At the Citadel Outlets on Monday, a line snaked outside the Calvin Klein store, where an outbreak infected three staff members earlier this month. Inside the mostly empty store, shoppers had plenty of room to space out and employees in masks frequently approached the hand sanitizer dispenser.
But the rest of the outdoor mall was a free-for-all, where customers brushed past one another in their rush to their next destination, forming looping queues as they waited to get into stores.
At an outdoor kiosk selling anime figurines, an employee sprayed her hands with sanitizer. She pointed to shoppers walking by, disobeying the one-way signs, and said she worries when customers get too close.
“But what to do? We have to pay the rent,” she said.
Shopping malls and retail stores were closed in the early months of the pandemic, as widespread shutdowns prohibited almost all indoor activities. In-store shopping was restarted in early May, and indoor malls followed in October as COVID-19 spread in L.A. County hit a low point.
Bob Harris told his family he didn’t want to be on a ventilator, but when his family wasn’t ready for him to stop fighting COVID-19, he agreed to be intubated. One week on the ventilator turned into three, and the Harris family faced a terrible decision.
But when more people began to fall sick the following month, officials tried to curb the spread while also closing as few stores as possible, as federal relief for businesses had dried up.
So while taking a masked walk with a friend was banned under the new orders, retail shops remained open at 20% capacity.
As comedian Johan Miranda tweeted, “Just told my mom under Los Angeles stay at home orders I can’t see her unless we happen to be shopping at the same Target.”
The decisions to keep these stores open have not been without health consequences.
Workplaces are an ideal setting for the spread of COVID-19 — indoor environments where people interact in close quarters for hours on end. Even a classic Southern California outdoor mall does not help much, since the workers spend all day inside the stores.
Outbreaks have been reported this month at the Apple Store at the Beverly Center, Michaels in the Burbank Empire Center as well as Amazon Books and Nordstrom at the Los Cerritos Center.
Half of the outbreaks reported at Target stores in L.A. County during the pandemic were reported in December. Five Costco branches have been hit with outbreaks in the past two weeks, and at least 135 staff have been infected, according to county records.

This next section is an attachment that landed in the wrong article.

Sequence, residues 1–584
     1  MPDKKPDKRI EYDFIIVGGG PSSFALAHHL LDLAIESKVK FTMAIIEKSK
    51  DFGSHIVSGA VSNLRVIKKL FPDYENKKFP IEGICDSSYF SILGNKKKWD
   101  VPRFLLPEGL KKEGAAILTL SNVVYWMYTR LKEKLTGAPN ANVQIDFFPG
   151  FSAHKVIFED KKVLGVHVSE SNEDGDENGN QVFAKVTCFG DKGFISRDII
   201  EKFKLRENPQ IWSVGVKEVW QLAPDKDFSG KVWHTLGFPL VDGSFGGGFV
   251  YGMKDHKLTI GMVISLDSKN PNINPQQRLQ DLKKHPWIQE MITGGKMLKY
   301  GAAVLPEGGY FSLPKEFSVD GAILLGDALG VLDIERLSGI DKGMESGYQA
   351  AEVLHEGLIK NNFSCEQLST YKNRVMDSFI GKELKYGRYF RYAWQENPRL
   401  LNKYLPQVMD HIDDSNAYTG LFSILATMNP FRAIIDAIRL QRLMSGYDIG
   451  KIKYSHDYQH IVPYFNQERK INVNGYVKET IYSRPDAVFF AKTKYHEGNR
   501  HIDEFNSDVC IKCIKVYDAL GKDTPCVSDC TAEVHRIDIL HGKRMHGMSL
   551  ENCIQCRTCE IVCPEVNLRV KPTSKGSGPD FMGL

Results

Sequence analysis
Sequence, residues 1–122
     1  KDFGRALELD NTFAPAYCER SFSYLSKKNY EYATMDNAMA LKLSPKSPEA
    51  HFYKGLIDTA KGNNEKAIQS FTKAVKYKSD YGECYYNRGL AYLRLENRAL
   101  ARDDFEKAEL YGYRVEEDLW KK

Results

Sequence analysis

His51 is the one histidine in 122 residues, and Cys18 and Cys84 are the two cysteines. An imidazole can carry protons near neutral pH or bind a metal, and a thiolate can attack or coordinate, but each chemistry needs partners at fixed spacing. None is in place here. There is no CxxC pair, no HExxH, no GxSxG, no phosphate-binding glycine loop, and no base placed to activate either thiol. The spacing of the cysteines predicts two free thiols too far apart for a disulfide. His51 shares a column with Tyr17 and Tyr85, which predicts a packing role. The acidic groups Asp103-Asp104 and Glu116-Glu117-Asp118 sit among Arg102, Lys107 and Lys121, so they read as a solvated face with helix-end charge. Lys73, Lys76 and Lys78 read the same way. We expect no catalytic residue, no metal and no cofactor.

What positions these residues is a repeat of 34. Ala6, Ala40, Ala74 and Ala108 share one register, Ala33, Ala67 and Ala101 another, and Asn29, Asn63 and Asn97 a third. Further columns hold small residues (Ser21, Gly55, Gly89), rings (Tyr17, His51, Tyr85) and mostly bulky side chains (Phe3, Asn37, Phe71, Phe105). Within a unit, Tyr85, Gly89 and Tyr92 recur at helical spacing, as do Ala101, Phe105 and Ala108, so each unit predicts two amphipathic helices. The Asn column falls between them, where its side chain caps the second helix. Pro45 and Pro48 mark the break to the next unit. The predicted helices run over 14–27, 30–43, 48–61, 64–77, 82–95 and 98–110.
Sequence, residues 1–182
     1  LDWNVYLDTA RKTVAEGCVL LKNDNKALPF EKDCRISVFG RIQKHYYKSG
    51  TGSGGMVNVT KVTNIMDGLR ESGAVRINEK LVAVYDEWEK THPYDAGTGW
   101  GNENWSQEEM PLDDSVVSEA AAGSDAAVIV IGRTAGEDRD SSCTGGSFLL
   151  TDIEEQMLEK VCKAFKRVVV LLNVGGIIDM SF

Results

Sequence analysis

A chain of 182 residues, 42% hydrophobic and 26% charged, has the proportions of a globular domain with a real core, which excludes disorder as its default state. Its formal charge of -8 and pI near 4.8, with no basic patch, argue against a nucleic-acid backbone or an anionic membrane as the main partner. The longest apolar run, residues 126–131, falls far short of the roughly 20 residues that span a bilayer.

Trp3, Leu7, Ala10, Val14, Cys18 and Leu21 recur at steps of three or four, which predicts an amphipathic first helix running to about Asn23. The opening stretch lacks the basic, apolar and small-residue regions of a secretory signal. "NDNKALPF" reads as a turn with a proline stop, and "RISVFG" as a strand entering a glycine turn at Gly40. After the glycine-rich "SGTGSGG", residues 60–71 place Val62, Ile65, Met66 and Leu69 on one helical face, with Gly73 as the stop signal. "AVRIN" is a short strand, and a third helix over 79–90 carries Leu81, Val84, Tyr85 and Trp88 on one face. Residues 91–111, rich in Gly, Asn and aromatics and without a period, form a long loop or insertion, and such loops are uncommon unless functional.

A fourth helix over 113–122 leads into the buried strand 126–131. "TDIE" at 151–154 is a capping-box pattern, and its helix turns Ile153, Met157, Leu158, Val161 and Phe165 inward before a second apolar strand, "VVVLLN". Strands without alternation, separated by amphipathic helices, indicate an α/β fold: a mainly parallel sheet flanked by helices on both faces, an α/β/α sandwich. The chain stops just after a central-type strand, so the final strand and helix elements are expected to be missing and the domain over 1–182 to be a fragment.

Representatives from impacted companies told The Times they have followed all protocols and that cases often originate outside the workplace. Apple opted on Saturday to close all its California stores “out of an abundance of caution as we closely monitor the situation,” a spokesperson said.
Rachel Michelin, president of the California Retailers Assn., said the organization has asked the state for information that would help determine whether infections are coming from shopping centers, but the requests have gone unanswered.
Without that clarity, retailers are moving forward with their best efforts to keep shoppers and employees safe, she said.
“We’ve openly said if retail is a major problem in transmission of COVID-19, show us the data,” Michelin said. “We can’t just blame businesses for behavior of people who are going out and having parties or going to other households.”
L.A. County chief medical officer Dr. Jeffrey Gunzenhauser said the high number of workplace outbreaks is mostly a reflection of how widespread the coronavirus is in the county — currently 1 in 80 residents are believed to be infectious.
Contact tracing interviews from the first half of December found that among people who contracted COVID-19 and were employed, 8% worked in retail, he said.
“When people hear there’s a lot more outbreaks in facilities, they think there’s a lot of transmission going on there, and that isn’t necessarily true,” he said. “It’s just because there are so many cases.”
Since late August, county investigators have fined businesses up to $500 each time they seriously violate COVID safety precautions.
The Citadel has been fined four times since November, according to county records. In response, the mall “took the feedback from health officials seriously” and improved signage telling people not to eat or drink, made walkways wider, ensured proper spacing in lines, canceled all live events and expanded curbside pickup options, said Citadel general manager David Blagg.
“We’re pleased to share that we received another visit from Los Angeles County Department of Public Health yesterday and were found compliant,” he wrote in an email Tuesday.
The stories shaping California
Get up to speed with our Essential California newsletter, sent six days a week.
You may occasionally receive promotional content from the Los Angeles Times.